by David Brickner | November 01 2022
What does the saying “Thank God for small blessings” mean to you? I think it depends on the tone of voice of the person saying it. We can speak of “small blessings” with gratitude or with cynicism—a fact that literally came home to me a few months ago when my refrigerator broke down.
Over a week later, the repairman finally came to tell us that our refrigerator was beyond repair. Meanwhile, my wife and daughter had picked out a small mint-green minifridge as a temporary replacement. Thank God for small blessings! We were happy and relieved to fit a modest amount of food in our minifridge.
We soon realized, though, that replacing our refrigerator was going to take much longer than expected. As the wait grew, the blessing of our temporary fix seemed to shrink. We had to shop more frequently for much smaller quantities. Entertaining guests for meals was challenging, and leftovers became all but impossible to keep. My appreciation for the little mint-green fridge rapidly diminished. Thank God for small blessings, I muttered, rolling my eyes.
It’s embarrassing to recount this when I think about the truly horrific situations that people around the world are enduring. But I wanted to share with you something I learned, starting with that little green fridge.
I was convicted about my cynicism, and I thought about the prophet Jonah, who was so happy for the plant that grew up overnight to shade him from the blazing sun (Jonah 4:6–11). But when the worm came, and the plant died, Jonah wanted to die right along with it. God had sent the plant to bless Jonah, but He also sent the worm to show Jonah his lack of compassion for the people of Nineveh. Sometimes God uses the gain and loss of small blessings to shift our perspective and our priorities.
Disappointment over “small blessings” is nothing new. Back in the days of Zerubbabel, many were cynical about the results of all the efforts to rebuild the Temple. That Second Temple seemed to pale in comparison to the First Temple—it was quite modest compared to what Solomon built. For some, the comparison was a painful reminder of glory days long gone. The prophet Zechariah declared to those short-sighted individuals: “For whoever has despised the day of small things shall rejoice” (Zechariah 4:10).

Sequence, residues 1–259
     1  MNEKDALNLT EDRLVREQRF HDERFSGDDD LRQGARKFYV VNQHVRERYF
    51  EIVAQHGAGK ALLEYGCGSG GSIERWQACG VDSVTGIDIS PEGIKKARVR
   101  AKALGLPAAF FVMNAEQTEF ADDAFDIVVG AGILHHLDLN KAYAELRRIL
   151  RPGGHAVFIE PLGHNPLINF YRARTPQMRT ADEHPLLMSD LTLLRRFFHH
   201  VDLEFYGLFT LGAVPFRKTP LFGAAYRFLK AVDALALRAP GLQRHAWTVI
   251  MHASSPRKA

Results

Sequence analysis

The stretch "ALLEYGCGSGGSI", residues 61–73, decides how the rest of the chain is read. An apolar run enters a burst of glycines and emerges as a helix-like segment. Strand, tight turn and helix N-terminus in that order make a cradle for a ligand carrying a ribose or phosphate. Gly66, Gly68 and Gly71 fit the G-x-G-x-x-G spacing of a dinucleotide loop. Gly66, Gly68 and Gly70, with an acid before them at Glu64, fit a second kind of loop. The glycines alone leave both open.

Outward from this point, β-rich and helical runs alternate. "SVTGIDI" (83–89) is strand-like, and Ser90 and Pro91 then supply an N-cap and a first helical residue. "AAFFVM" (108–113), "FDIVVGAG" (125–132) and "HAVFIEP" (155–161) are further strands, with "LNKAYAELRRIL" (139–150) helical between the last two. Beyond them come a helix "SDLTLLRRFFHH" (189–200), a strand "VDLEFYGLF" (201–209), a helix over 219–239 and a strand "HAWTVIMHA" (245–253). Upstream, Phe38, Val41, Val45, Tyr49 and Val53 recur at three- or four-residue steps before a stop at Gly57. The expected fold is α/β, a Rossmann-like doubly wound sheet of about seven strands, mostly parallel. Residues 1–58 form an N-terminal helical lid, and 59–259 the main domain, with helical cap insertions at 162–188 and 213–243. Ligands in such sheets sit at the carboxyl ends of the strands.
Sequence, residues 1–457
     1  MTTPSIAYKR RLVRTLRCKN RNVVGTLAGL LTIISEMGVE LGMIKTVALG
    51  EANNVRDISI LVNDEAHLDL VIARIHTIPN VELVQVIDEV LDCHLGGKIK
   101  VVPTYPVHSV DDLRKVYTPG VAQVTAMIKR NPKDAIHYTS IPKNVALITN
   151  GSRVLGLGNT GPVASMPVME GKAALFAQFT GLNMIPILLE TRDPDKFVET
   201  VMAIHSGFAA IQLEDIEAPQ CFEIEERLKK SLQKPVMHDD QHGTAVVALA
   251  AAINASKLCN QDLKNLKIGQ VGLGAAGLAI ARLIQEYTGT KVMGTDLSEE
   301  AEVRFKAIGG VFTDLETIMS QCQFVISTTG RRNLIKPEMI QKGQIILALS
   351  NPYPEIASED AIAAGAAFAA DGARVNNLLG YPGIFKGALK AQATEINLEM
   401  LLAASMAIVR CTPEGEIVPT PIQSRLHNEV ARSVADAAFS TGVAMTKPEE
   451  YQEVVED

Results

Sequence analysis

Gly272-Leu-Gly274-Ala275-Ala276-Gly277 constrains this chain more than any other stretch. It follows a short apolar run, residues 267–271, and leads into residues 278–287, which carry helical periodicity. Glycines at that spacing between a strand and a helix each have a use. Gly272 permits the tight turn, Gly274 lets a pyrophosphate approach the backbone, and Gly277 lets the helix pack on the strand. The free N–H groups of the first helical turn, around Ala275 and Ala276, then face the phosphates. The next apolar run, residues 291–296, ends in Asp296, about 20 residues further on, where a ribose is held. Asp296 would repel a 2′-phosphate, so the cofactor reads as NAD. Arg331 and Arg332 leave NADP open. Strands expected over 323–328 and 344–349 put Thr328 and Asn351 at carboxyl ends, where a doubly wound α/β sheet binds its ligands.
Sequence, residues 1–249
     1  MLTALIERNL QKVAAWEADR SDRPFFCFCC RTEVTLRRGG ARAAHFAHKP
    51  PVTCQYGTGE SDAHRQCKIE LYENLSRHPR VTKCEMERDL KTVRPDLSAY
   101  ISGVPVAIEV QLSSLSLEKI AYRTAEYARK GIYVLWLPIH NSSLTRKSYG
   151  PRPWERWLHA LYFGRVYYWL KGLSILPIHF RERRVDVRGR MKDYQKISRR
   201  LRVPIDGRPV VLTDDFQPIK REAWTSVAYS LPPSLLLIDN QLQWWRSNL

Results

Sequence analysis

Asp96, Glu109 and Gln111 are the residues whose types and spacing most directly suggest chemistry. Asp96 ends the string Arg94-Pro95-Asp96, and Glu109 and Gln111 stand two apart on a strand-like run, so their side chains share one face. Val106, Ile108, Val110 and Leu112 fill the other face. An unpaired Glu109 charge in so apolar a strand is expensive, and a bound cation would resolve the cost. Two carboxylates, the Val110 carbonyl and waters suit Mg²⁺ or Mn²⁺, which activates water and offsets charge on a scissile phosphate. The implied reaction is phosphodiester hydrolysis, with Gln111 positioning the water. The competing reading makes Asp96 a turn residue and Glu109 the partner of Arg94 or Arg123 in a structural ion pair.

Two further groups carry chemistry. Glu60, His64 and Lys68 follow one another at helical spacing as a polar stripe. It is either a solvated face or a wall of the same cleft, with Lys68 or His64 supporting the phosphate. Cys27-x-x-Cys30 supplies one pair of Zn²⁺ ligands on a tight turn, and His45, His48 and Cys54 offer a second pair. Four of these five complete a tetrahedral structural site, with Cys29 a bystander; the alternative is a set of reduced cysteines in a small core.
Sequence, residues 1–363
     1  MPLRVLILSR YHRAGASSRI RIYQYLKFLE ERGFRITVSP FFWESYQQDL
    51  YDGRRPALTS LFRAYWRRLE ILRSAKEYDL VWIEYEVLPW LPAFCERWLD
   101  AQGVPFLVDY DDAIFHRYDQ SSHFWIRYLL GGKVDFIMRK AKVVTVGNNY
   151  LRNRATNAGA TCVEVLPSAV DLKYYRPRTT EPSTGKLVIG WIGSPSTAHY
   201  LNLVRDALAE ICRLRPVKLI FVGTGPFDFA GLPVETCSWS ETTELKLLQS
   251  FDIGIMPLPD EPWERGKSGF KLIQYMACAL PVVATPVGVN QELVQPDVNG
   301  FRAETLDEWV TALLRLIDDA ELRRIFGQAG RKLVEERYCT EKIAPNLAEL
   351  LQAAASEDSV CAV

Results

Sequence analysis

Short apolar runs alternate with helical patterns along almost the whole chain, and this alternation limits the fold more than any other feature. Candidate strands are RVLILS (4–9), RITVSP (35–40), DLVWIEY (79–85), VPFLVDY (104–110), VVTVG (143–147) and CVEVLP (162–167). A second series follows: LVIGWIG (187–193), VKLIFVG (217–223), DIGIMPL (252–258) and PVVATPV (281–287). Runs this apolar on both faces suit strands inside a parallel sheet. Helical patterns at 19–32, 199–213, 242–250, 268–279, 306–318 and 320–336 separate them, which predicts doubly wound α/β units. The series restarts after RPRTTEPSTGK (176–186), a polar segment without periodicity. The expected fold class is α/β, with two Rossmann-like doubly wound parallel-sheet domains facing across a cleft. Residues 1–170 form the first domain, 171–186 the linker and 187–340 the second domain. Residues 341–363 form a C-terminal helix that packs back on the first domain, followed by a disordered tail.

Though the rebuilt Temple appeared as “a small thing” to some, God wanted His people to rejoice because His favor was actually upon it. The prophet Haggai declared, “The latter glory of this house shall be greater than the former, says the Lord of hosts. And in this place I will give peace, declares the Lord of hosts” (Haggai 2:9).
Perhaps Herod had been advised of this prophecy years later when he greatly expanded the Temple compound. But if he thought he was the hero of the story, he was greatly mistaken. It was not the size of the refurbished Temple or the amount of gold accessories within it, but it was the presence of Jesus the Messiah that was “the latter glory” of that house. Jesus walked and taught there as the literal embodiment of God’s purpose for the Temple in the first place. Hallelujah! Gratitude for that reality drives us to relentlessly pursue God’s plan of salvation for the Jewish people.
Our Jews for Jesus missionaries labor long and hard to bring in a small but steady trickle of new Jewish believers in Jesus. It is easy to get discouraged if we focus on numbers. But Jesus said, “I tell you, there is joy before the angels of God over one sinner who repents” (Luke 15:10). Thank God for small blessings! And thank you, our partners in prayer and in giving, for recognizing that God has called us to faithfully present the gospel to Jewish people. One day the Lord will increase the harvest past counting. Till then, we’ll keep rejoicing with the angels for each soul.
As Thanksgiving approaches, what small things in your life might God be asking you to see in a new light? It can be challenging to remain grateful when circumstances don’t measure up to our hopes and expectations. But God works through those circumstances, inviting us to see “small things” in light of His big picture. Small blessings really do offer big opportunities. Let’s rejoice and give thanks for each one, knowing that God will use them for His greater purposes—in our lives, in this world, and in the glory of the world to come.